Kerry Gibson

Kerry Gibson

In his bid for the U.S. House, Kerry Gibson has sounded a consistent message, touting what he says is his political outlook and experience.

“I have a proven conservative track record of defending the right to life, protecting the 2nd Amendment and preserving our constitutional liberties for future generations,” he said in an email to the Standard-Examiner about his bid.

It echoes what he’s said in his various public appearances as he’s campaigned, and the message seems to underlie his bid. In fact, Gibson used the phrase “proven conservative track record” four times in his message to the Standard-Examiner to describe himself and his campaign. Also significant in Gibson’s message — what he indicates would be his ability to get right to work as a member of the U.S. House, given his experience.

“Now is not the time for on-the-job training,” he said in his message, also a common refrain in his campaign appearances.

Gibson, from western Weber County, is one of four Republicans vying for the 1st District U.S. House seat, now held by U.S. Rep. Rob Bishop, who’s not seeking reelection to the post. The others are Kaysville Mayor Katie Witt, Davis County Commissioner Bob Stevenson and Blake Moore, a management consultant in Salt Lake City. Gibson is a former Weber County commissioner and Utah House member and also served nine months as head of the Utah Department of Agriculture and Food before stepping down to run for the House.

His traditional, conservative issues are the bedrock of his bid — his pro-life, pro-2nd Amendment stances, for instance — and he’s at times name-dropped President Donald Trump.

“Conservative Kerry Gibson, 100% pro-life, pro-gun and pro-Trump,” the narrator intones in a campaign video released earlier this month.

Also figuring big in his campaign, judging by his social media posts, are his connections and endorsements from a broad cross-section of elected leaders and other movers and shakers from across the 1st District. Indeed, results from the Utah Republican Party convention in April underscore his popularity with core GOPers — he garnered 57% support among party delegates in earning a place on the June 30 primary ballot.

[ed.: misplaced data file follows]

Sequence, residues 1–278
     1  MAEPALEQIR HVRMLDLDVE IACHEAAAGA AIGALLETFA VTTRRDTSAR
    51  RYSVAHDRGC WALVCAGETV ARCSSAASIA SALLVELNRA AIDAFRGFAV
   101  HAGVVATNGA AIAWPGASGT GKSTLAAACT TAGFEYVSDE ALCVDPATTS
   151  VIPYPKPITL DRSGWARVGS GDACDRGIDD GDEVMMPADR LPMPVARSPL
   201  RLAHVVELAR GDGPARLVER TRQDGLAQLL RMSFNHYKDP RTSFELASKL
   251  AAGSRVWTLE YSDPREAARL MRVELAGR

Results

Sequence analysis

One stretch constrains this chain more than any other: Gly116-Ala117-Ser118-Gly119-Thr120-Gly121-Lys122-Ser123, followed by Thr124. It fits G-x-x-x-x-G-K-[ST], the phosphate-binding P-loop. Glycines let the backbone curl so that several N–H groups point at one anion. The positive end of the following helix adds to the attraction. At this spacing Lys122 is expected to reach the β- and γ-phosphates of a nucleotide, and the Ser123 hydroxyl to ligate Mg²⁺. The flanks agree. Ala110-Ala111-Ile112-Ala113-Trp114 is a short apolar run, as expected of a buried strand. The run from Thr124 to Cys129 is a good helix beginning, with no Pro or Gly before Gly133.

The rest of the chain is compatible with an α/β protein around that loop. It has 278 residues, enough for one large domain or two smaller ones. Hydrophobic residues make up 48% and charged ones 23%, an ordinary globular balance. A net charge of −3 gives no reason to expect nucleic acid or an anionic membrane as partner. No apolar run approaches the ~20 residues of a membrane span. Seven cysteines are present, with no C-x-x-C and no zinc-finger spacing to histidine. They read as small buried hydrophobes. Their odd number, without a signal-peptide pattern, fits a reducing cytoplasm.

The GOP winner on June 30 moves on to the Nov. 3 general election ballot, facing the winner of the Democratic primary between Jamie Cheek and Darren Parry.


Gibson was born and raised in Weber County and his sentiments about the area are strong.

“I don’t believe there’s a candidate in this race who understands the 1st District like I do, as well as I do. I’ve lived here, worked here, loved here my whole life. I was born here. My family’s connection to this district goes back to my pioneer ancestors,” he said.

Gibson’s desire to serve, meanwhile, has its roots in his youth.

“My parents taught me at a young age that it was important to be involved in our community and to give service. And our life has always been about serving our community in one way or another,” he told the Standard-Examiner.

Gibson’s professional start was in agriculture. He long helped operate a family-owned dairy farm in western Weber County, held by a line of ancestors dating to Utah’s pioneer days, and that experience influenced his views and outlook. Gibson also operated a Weber County convenience store.

“I know how hard it is to operate a business and be able to do so with overbearing regulation, overbearing tax burden, and so I think it’s important for us to be strong in our defense of small business,” he said.

His interest in government service seems to have come from work in agriculture and food safety in the 2000s with the American Farm Bureau Federation, and as a fellow with the Eisenhower Fellowships program focusing on food safety issues.

“While serving in these capacities he had the opportunity to spend quite a bit of time in Washington, D.C., where he developed a great love for this country which sparked a desire to be more politically active,” reads a bio from his days as a Weber County commissioner.

Gibson was first elected to the Utah House in 2004, serving three two-year terms. In 2010, he was elected to the first of two terms on the Weber County Commission. He stepped down from the county commission in mid-2018 to take a leadership post in the Utah Department of Natural Resources before moving on to the top spot at the Utah Department of Agriculture and Food.

Gibson was the target of an Ogden Police Department probe in late 2017 and early 2018 in connection with his duties as county commissioner, apparently stemming from a series of complaints and concerns from county roads and public works employees. He denied wrongdoing all along and no charges were ultimately filed. Public release of the police investigation remains the focus of a public records fight, with the Utah Supreme Court to take up some of the legal questions in the tussle.

Contact reporter Tim Vandenack at, follow him on Twitter at

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